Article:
The strategy proved so successful that then Philippine president Rodrigo Duterte reversed his hostile policy towards Washington, culminating in the restoration of the Visiting Forces Agreement shortly after Austin’s visit to Manila. As the icing on the cake, Biden personally hosted regional leaders in the White House earlier this year and promised to expand bilateral strategic and developmental cooperation.


Philippines reverses decision to end military troop pact with US

Philippines reverses decision to end military troop pact with US
Washington’s charm offensive has been hobbled by three major factors, though. First, both the interim national security strategic guidance – which emphasised values-based foreign policy – and the new national security strategy have alienated key Southeast Asian nations. In the latter, Asean is mentioned only three times.
Vietnam, which was already irked by the Biden administration’s democracy promotion agenda, is not mentioned at all. Treaty allies the Philippines and Thailand are mentioned only once. In contrast, China is mentioned 55 times, underscoring the Biden administration’s strategic focus. China is characterised as “the only competitor with both the intent to reshape the international order and the economic, diplomatic, military, and technological power to advance that objective”.

The second area of concern for Asean is continued uncertainty over Washington’s regional economic strategy. Bilateral trade has been relatively robust, with double-digit year-on-year growth, and reaching US$442 billion in 2021. The Biden administration has pushed for more than US$800 million in bilateral assistance for Asean partners next year. In the past two decades, the US has allocated US$12.1 billion in developmental and security aid to Southeast Asia.

But, as Biden’s Indo-Pacific chief Kurt Campbell warned last year, an effective Asia strategy requires the US to “do more in Southeast Asia”. So far, there are no clear indications that any of the major US economic initiatives will begin in the near future.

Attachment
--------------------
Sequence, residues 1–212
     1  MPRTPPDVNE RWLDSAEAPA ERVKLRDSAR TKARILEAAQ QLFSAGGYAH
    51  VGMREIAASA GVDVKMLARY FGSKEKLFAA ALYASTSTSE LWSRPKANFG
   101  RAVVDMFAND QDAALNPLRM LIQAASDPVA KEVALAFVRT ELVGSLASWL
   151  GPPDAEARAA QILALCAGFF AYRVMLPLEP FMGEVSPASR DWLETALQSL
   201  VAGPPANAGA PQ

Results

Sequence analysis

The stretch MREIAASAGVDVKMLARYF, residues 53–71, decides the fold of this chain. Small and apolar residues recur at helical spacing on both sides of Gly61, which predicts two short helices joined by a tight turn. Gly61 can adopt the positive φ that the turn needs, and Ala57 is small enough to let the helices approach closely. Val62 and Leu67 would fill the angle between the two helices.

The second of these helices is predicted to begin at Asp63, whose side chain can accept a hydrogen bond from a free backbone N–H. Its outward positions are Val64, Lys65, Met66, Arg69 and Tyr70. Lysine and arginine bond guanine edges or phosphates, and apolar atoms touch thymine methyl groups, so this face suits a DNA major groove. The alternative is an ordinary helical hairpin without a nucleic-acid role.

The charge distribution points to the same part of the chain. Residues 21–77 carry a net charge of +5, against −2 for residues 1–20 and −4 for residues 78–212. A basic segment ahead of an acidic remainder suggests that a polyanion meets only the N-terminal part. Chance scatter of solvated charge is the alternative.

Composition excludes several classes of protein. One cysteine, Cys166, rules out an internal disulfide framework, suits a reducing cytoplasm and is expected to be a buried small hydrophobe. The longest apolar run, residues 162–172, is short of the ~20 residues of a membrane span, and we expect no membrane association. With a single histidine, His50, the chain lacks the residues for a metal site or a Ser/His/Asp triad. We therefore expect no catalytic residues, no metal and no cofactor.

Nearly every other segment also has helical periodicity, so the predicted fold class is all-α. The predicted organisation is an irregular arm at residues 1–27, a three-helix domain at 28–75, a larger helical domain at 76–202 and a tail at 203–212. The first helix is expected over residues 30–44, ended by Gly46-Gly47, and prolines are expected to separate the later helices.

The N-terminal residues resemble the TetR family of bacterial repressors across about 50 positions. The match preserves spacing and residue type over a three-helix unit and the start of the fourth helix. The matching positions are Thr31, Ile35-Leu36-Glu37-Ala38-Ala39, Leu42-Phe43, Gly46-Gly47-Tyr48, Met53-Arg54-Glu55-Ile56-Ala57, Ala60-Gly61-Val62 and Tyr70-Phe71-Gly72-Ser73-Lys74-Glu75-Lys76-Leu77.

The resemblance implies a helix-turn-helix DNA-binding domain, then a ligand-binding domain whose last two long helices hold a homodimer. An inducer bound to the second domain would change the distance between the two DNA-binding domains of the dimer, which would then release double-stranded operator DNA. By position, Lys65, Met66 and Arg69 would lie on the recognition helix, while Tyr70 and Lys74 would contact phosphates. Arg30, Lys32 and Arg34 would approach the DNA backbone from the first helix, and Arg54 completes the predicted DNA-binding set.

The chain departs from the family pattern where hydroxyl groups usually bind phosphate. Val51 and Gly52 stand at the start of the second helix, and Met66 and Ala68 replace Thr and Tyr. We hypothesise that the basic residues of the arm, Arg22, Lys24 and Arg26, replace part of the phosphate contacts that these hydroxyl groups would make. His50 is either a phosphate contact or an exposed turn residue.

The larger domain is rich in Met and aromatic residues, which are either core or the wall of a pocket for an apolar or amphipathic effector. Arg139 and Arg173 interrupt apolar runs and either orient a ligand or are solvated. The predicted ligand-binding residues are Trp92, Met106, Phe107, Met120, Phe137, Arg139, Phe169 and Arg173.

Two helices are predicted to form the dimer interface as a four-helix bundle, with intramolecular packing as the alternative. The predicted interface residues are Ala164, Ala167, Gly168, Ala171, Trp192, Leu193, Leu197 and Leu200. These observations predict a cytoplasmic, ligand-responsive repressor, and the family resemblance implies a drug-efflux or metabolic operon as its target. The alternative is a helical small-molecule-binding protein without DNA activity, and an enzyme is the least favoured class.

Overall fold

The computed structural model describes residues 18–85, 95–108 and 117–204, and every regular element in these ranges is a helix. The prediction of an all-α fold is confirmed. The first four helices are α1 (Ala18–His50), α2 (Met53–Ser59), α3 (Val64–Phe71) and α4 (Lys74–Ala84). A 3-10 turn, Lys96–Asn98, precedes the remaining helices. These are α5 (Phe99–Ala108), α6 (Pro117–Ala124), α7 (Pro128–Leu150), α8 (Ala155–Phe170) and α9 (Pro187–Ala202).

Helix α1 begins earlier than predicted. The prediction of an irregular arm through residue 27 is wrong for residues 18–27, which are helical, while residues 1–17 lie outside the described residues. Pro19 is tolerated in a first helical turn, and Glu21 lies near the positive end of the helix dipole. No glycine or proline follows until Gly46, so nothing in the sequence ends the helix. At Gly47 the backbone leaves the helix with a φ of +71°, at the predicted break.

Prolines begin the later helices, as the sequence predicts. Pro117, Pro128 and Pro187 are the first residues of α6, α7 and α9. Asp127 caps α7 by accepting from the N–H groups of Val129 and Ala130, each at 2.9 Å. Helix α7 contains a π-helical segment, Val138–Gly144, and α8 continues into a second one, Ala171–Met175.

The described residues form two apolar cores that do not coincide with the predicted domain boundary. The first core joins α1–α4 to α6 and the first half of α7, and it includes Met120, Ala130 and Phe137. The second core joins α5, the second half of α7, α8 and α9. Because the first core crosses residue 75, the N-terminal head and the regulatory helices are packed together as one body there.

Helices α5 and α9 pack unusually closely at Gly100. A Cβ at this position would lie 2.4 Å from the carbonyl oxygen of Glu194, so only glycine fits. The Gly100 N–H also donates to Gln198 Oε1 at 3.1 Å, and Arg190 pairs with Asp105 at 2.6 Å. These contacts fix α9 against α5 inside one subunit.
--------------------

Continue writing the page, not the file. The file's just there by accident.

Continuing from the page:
US President Joe Biden (centre right) and Deputy Secretary of State Wendy Sherman (centre left) attend the US-Asean special summit at the State Department on May 14. Photo: DPA
For instance, the proposed Asian digital trade pact has faced opposition from protectionist forces within the Biden administration as well as from Congress. The Indo-Pacific Economic Framework, meanwhile, has been strong on rhetoric but weak on substance. It excludes several Asean countries, including the current chair Cambodia.

Finally, Asean nations wonder whether Washington is committed to sustained, long-term diplomatic engagement. Many of the Biden administration’s ambassadorial nominees in Asia lack relevant experience and pedigree. Moreover, Biden has yet to hold in-depth bilateral meetings with most of his Southeast Asian counterparts.

His meetings with Singapore Prime Minister Lee Hsien Loong and new Philippine President Ferdinand Marcos Jnr were exceptions. Biden could risk irking his Southeast Asian counterparts if he skips the Asia-Pacific Economic Cooperation forum meeting in Thailand next month. His visit to the Group of 20 summit in Indonesia may also be in doubt.

Having raised hopes of a new era of strategic cooperation with Asean, the Biden administration risks alienating key regional states if it wavers in its economic strategy while doubling down on competition with China.

Richard Heydarian is a Manila-based academic and author of “Asia’s New Battlefield: US, China and the Struggle for Western Pacific” and the forthcoming “Duterte’s Rise”